With Pride week just over and Canada Day only hours away, the New Classical 96.3 FM kept the parties going by continuing its “Live From the Concert Lobby” series with a performance from the touring Manitoba Chamber Orchestra (cross-reference below) led by guest conductor Anne Manson.
The audience favourite was a spirited reading of Peter Heidrich’s Theme and Variations on Happy Birthday—a set of composer-inspired versions on the famous tune that young ones adore and their elders begrudgingly accept.
The 22-member ensemble (all strings on this outing which included performances in Ottawa) dug into the music with zest and enthusiasm. The Haydn “Menuetto” had just the right pulse, the homage to the “Father of the String Quartet” was individually secure and the freely lifted grace notes scampered into our ears and the microphones’ with “coyish” charm.
Typical drama, syncopations and a delectable minor ninth coloured the Beethoven episode. Long legato lines—but more “into the string” please—and marvellous harmonic shifts could well have come from Brahms (yet the inner voices seemed too stagnant by half); the steal away, sextet-borrowed adieu was especially fine. Dvořák’s “American” String Quartet framed the final master-based variant but the best was yet to come.
A delightful “Invitation to the Dance” sequence kicked off with a toe-tappin’ polka then morphed to a waltzer that couldn’t resist a cheesy harmonic at its close. A brooding ballad followed before a bit of ragtime applied its rhythmic hand to the melody but needed a much lighter bottom and back-beats to complete the transformation. No worries. The ensuing tango only lacked the proverbial rose to perfectly top off this adroit metamorphosis.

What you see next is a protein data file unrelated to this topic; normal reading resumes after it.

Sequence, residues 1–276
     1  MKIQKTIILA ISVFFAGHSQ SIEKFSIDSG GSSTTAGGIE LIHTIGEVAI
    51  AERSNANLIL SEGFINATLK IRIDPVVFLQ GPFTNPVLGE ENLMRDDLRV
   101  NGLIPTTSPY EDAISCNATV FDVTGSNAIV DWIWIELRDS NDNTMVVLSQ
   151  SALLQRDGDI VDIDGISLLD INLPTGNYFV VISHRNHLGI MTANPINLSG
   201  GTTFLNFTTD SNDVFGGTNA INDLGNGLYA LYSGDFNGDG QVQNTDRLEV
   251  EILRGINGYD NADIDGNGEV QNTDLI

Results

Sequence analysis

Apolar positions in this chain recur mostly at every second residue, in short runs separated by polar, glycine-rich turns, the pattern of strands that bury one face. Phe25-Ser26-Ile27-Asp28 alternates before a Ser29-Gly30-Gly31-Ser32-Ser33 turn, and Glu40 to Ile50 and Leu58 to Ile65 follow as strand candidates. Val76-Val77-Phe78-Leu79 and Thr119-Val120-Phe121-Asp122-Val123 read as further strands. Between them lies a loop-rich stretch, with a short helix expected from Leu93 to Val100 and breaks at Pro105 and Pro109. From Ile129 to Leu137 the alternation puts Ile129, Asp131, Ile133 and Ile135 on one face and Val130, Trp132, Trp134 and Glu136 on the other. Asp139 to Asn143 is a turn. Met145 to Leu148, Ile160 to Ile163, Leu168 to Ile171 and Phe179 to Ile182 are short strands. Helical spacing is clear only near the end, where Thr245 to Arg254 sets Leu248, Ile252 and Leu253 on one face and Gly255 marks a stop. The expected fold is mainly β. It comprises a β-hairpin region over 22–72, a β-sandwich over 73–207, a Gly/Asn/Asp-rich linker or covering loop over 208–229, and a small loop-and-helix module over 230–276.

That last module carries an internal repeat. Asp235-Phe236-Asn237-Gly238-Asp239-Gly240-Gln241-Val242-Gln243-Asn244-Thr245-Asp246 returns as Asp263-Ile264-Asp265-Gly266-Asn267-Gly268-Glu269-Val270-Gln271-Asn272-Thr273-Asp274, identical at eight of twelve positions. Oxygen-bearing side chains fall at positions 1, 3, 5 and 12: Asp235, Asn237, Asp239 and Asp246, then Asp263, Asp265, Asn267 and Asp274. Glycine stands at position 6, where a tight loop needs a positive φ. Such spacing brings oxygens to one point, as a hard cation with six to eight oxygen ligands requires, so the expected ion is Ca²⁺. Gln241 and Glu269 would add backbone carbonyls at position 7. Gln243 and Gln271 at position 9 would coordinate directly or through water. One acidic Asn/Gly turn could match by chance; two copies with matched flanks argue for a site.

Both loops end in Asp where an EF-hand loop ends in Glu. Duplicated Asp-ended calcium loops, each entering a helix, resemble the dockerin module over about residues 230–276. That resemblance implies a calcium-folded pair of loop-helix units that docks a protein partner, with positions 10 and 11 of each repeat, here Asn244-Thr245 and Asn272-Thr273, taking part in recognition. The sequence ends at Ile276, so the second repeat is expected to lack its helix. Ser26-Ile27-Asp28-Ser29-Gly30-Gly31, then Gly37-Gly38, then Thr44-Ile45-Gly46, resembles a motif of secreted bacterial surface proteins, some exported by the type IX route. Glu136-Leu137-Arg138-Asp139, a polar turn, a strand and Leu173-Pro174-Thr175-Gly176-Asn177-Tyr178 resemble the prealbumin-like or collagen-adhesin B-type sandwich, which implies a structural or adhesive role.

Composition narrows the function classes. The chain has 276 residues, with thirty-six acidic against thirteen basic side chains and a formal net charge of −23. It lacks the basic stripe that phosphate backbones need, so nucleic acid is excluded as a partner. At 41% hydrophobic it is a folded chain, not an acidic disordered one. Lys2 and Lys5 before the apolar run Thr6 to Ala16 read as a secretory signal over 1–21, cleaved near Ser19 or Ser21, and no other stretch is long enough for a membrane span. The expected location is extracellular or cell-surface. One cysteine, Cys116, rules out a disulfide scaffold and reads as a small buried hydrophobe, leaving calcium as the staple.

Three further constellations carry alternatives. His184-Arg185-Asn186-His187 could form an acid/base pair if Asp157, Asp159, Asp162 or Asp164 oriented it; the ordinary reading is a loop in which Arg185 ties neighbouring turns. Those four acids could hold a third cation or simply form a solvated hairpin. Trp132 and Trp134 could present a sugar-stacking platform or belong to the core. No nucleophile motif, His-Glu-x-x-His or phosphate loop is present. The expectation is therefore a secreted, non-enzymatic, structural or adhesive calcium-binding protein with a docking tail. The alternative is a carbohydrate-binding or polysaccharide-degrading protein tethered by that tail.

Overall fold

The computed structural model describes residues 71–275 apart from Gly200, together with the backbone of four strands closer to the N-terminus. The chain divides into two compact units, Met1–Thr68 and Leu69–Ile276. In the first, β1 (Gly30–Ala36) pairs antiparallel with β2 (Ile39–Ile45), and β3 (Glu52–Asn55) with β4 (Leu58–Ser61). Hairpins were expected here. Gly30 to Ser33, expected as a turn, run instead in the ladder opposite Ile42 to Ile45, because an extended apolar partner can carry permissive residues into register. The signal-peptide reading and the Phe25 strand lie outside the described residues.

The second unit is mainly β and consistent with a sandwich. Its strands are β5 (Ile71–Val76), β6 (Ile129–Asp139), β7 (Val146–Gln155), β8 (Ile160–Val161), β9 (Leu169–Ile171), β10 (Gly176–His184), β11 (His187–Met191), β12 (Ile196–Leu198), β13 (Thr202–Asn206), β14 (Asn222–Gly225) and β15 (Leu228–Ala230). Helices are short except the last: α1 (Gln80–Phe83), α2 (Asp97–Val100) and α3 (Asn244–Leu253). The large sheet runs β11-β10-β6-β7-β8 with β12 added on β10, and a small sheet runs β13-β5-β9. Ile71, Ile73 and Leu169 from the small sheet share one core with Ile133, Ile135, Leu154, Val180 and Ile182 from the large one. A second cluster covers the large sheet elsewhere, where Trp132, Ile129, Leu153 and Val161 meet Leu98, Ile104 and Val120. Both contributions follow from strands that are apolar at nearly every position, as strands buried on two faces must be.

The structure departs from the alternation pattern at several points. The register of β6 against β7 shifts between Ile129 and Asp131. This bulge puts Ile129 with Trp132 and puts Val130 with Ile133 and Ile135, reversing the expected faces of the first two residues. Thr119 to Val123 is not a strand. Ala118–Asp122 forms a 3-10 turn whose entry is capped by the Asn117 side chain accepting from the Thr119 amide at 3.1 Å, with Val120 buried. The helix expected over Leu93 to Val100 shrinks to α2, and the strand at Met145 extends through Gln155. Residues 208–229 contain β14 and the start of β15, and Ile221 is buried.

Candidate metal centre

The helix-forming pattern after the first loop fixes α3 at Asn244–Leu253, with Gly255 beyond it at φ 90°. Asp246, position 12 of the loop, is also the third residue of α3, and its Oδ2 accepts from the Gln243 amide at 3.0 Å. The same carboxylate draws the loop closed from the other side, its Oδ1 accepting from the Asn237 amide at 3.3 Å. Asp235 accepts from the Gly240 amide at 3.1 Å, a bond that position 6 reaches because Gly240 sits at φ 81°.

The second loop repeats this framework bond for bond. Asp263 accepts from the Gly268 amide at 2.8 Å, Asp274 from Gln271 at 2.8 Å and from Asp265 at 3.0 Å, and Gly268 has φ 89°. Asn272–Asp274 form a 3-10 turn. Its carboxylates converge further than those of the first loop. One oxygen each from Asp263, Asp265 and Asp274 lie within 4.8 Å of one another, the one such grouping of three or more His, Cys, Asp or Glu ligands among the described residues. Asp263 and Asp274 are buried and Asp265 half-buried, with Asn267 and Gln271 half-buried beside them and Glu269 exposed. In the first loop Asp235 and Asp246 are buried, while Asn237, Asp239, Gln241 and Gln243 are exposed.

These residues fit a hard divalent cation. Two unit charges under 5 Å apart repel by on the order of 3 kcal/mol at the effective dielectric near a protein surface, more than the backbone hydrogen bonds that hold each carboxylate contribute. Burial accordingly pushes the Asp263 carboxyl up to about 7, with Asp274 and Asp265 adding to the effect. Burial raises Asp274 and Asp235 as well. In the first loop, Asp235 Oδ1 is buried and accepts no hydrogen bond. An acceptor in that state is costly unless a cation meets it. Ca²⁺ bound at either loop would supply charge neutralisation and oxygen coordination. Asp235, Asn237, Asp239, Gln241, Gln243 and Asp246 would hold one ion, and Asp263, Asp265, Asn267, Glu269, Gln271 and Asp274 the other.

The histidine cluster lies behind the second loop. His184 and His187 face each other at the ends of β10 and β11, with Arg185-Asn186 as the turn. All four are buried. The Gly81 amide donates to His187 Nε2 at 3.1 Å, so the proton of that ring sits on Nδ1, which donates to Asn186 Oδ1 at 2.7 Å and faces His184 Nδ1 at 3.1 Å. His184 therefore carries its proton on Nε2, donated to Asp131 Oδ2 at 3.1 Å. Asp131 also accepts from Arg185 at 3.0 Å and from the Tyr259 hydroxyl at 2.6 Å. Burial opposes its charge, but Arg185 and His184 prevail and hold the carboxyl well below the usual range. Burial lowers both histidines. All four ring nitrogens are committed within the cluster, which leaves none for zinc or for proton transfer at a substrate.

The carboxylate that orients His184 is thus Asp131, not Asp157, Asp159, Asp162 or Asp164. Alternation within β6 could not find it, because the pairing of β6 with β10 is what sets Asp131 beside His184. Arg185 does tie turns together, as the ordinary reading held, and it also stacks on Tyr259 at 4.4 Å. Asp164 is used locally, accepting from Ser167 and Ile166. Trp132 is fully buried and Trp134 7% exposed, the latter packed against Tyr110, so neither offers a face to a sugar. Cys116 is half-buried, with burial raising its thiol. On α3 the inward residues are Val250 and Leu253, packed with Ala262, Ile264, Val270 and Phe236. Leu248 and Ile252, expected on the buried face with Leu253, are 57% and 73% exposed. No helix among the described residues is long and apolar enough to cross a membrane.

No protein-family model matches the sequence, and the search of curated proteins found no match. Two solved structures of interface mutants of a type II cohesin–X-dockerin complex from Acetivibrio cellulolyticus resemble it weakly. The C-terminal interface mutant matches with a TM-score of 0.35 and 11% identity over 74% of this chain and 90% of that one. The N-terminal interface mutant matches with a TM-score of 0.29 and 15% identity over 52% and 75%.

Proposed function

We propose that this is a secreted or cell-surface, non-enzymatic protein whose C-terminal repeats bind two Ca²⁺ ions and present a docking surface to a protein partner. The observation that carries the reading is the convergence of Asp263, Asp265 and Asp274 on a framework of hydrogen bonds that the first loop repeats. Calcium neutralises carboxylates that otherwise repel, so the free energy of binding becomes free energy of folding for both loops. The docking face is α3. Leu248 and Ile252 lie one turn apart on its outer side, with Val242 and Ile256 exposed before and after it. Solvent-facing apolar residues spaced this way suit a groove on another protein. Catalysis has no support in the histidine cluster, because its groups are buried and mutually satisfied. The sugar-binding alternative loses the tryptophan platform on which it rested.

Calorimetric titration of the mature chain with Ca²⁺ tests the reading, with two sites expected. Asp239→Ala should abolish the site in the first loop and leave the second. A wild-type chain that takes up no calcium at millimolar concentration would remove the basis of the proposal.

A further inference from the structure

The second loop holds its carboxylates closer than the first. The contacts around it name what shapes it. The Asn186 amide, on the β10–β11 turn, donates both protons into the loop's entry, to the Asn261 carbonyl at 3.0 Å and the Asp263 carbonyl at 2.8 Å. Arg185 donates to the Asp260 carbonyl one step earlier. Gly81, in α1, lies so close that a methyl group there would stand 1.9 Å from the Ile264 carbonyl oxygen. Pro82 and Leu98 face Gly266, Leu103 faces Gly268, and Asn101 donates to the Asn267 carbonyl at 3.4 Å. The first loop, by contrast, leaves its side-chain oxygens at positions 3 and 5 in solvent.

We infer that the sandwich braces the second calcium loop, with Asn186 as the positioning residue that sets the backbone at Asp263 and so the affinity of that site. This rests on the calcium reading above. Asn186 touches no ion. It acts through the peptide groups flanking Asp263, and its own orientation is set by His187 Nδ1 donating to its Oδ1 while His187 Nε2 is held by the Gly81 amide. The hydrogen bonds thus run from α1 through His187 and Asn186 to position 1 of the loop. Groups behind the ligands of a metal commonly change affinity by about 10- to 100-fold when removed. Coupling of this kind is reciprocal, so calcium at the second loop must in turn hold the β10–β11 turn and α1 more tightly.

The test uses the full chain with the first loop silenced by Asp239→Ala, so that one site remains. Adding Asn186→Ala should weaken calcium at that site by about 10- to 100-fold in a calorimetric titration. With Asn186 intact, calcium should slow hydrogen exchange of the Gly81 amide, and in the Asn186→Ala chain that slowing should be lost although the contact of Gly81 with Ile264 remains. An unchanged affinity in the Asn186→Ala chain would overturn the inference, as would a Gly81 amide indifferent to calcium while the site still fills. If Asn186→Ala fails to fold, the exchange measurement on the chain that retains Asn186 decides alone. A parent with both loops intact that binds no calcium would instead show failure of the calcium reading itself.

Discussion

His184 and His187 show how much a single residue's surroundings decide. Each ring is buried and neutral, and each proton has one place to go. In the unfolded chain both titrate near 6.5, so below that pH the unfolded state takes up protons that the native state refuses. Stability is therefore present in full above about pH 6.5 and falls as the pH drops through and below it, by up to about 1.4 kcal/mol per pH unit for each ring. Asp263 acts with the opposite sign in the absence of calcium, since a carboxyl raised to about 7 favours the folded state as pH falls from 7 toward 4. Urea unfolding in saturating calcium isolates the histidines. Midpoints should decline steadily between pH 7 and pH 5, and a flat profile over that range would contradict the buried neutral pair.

Then the bandanas flew while the tempo was gradually stoked into a red-hot frenzy as the gypsy schmaltz und drang blazed into a mighty Czardas that popped the cork and lit candles all around.
Happy birthday indeed!
Earlier, the program began with Wojciech Kilar’s Orawa, a work that showed off players and conductor alike.
It’s a kind of minimalist bolero; the repetitious cells moved steadily forward with near-perfect precision. The balance was admirable (the lobby has remarkably good acoustics, probably more by luck than design) and the mass of “insects” accompaniment added much to the intensity that had unintentionally eased during the cello solo.
The finale of Bartók’s treacherous Divertimento was delivered in a raw-and-ready fashion that afforded concertmaster Karl Stobbe the opportunity to further demonstrate his considerable technique and spot-on intonation; the violas were not as successful.
Observing Manson over the course of the concert, her devotion to the score and artistic integrity were never in doubt. However, her penchant to wield the baton as a small club rather than an extension of the index finger (and, accordingly, of herself) created some of the ensemble’s untidiness (notably the tutti pizzicati in the Bartók). The explosions of her left-hand fingers drew a vigourous response on occasion, but the possibility of those same digits sculpting tone and crafting phrase endings have yet to be fully plumbed.
This invigorating performance whets the appetite for more.
Winnipeggers are to be envied for having this band in their backyard; Torontonians (and their suburban music lovers) can look forward to a sampling of Manson’s opera abilities in next season’s Canadian Opera Company production of Benjamin Britten’s A Midsummer Night’s Dream. JWR